Inspect the Condition of the Substrate
It is also critical to check the condition of the substrate on which the deck is built. If it is constructed on a concrete base, make sure that there are no cracks in the concrete that could expand during freezing and thawing. If it is built directly on the ground, check that there is no erosion around the support columns that could leave the deck vulnerable. For a roof decking system, be sure that the terra strands are in good condition to promote optimal drainage and that pedestal system will prevent wind uplift.
In addition, don’t discount the condition of the building’s siding as a substrate material. Many second-story (or higher) decks and balconies are heavily anchored to the building. Check the condition of the siding and mounts, being particularly mindful of any water damage that may have occurred where the deck and building meet.
5 Tips for Taking Care of Your Home’s Deck
California Law SB 721 has many property owners sweating. However, with the proper planning and maintenance, your deck will pass this inspection with flying colors. By regularly assessing the quality of the planks, periodically applying the proper deck treatments, paying close attention to the railing, checking the condition of the fasteners, and assessing the state of the substrate, property owners can guarantee that their deck or balcony is ready to go come inspection time. If you are unsure about how to handle all of this in-house, don’t hesitate to call a southern California deck inspection professional today!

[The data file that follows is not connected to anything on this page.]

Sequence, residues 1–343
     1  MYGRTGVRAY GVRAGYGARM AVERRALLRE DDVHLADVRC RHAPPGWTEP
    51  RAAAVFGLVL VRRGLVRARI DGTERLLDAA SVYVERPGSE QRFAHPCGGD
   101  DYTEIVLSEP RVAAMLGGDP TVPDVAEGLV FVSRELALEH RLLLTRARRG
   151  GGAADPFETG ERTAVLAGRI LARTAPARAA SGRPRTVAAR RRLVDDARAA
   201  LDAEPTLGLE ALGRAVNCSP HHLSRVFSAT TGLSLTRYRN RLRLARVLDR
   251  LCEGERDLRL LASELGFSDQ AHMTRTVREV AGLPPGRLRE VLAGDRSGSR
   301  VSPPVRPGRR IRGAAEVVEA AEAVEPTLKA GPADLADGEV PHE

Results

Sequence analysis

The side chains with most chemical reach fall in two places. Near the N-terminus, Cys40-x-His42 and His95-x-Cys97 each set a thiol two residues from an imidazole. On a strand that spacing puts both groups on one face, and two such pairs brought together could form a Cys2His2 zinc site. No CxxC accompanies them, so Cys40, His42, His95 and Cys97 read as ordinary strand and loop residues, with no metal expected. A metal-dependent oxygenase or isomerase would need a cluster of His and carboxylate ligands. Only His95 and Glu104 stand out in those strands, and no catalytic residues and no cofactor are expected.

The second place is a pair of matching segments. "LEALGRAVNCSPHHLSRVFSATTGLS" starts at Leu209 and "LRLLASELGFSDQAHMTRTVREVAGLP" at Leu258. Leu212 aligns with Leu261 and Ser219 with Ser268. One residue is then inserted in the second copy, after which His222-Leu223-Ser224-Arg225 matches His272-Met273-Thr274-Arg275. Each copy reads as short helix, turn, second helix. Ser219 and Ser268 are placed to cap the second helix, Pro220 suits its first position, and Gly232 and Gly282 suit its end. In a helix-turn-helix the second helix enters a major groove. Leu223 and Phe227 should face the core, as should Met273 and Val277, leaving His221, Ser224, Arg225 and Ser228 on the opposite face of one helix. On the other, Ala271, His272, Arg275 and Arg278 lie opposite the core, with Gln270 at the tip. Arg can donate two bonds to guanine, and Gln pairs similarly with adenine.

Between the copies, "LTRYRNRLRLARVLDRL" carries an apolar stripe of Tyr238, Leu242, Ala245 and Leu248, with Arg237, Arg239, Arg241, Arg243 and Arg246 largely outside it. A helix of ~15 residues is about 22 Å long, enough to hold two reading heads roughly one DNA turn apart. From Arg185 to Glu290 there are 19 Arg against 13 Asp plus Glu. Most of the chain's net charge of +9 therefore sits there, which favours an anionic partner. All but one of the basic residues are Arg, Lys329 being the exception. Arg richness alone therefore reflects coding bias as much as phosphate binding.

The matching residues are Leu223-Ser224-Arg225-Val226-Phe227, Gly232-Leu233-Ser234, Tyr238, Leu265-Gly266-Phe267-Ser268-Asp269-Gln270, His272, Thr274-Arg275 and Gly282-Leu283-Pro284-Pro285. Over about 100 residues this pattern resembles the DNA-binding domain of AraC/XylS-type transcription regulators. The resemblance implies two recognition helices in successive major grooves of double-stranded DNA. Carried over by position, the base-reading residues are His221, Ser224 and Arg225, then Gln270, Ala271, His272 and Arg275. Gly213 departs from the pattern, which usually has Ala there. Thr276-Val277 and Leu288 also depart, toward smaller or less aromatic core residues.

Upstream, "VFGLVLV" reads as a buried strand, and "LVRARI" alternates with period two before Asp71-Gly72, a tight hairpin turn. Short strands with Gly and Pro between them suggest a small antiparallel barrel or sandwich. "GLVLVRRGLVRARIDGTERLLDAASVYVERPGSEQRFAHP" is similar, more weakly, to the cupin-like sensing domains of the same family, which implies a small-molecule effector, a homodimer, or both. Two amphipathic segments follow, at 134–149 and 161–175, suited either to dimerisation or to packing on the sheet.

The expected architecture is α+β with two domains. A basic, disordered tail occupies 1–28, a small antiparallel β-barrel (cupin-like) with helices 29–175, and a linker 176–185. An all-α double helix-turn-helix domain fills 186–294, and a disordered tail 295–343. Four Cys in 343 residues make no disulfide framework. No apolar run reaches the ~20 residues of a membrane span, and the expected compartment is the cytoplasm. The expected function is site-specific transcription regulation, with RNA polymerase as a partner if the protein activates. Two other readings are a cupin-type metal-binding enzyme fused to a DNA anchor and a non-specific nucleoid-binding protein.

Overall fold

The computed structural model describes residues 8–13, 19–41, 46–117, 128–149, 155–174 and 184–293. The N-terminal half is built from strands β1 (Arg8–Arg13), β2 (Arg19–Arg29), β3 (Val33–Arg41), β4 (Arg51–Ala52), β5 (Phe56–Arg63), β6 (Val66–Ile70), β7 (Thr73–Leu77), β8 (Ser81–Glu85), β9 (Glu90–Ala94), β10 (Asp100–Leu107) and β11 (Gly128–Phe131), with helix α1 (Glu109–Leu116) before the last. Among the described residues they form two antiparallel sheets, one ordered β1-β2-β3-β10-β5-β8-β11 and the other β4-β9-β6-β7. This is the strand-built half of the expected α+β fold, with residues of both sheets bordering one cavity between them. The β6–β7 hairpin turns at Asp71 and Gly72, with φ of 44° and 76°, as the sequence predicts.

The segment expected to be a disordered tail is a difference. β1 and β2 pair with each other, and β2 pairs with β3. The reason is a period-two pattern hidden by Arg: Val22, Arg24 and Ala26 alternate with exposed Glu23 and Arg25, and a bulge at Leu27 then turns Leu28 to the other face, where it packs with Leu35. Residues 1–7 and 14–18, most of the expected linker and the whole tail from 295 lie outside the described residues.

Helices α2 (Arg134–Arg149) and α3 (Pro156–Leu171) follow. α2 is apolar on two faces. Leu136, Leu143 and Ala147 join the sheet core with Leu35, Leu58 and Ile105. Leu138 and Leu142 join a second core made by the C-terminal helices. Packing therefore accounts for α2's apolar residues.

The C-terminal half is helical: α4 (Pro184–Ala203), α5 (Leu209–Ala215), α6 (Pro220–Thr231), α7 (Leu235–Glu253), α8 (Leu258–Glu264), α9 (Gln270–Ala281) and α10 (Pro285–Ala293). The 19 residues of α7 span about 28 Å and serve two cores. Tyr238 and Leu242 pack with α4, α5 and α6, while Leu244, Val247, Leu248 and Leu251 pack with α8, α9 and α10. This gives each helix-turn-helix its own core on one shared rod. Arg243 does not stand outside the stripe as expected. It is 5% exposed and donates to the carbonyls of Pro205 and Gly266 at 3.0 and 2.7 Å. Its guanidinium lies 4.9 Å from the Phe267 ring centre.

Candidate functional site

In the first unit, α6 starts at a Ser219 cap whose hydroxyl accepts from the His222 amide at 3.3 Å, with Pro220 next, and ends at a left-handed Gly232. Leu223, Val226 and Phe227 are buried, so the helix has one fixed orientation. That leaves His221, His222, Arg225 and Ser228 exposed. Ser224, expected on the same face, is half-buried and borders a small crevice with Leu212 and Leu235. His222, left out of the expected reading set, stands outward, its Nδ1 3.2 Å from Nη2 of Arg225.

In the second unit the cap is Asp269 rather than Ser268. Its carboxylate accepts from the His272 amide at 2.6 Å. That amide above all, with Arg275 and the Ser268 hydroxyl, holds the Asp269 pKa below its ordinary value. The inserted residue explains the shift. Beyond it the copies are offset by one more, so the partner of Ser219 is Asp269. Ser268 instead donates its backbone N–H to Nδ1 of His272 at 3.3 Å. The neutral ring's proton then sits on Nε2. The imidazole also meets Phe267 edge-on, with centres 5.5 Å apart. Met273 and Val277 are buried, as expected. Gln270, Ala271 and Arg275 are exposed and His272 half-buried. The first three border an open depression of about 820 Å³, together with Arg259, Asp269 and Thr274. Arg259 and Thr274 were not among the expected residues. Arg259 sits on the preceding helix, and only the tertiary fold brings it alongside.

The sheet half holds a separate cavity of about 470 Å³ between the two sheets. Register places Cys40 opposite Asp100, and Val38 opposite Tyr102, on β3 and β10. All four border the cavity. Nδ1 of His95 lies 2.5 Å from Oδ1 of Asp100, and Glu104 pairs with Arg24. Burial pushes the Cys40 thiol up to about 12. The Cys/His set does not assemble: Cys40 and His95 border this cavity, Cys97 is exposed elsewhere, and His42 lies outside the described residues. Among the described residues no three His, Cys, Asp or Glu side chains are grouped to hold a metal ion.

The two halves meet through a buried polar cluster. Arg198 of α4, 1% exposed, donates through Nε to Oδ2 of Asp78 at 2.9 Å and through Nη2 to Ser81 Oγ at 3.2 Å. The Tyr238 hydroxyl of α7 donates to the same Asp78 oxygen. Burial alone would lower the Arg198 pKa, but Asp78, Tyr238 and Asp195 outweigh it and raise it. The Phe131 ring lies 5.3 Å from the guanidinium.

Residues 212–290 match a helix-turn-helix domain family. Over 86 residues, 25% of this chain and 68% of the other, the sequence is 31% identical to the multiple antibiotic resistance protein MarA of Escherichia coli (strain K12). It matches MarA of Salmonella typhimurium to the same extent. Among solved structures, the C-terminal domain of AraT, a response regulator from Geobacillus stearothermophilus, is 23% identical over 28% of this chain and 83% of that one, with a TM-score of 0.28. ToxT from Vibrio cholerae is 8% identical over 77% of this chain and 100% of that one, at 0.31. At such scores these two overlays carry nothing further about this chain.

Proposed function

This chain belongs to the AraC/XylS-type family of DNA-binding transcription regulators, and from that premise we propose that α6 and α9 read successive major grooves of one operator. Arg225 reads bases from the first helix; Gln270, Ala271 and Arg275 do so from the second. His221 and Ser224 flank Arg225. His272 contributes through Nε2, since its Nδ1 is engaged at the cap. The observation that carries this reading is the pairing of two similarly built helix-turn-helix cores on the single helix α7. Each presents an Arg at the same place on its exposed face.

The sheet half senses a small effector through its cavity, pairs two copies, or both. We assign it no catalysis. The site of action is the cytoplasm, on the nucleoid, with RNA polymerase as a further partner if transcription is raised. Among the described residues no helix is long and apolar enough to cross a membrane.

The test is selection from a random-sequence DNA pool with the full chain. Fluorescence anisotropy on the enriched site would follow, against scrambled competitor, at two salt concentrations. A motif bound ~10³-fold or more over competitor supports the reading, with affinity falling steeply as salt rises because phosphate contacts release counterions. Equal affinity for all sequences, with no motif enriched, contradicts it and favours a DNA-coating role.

Roger Marx is a freelance writer that loves sharing his knowledge and expertise on home improvement projects especially deck construction. He lives in Minneapolis, Minnesota where he enjoys spending time with his wife and working on backyard projects in his spare time. Roger’s work as a freelance writer can be found on Building Product Advisors, a new construction industry resource launching in Fall 2022.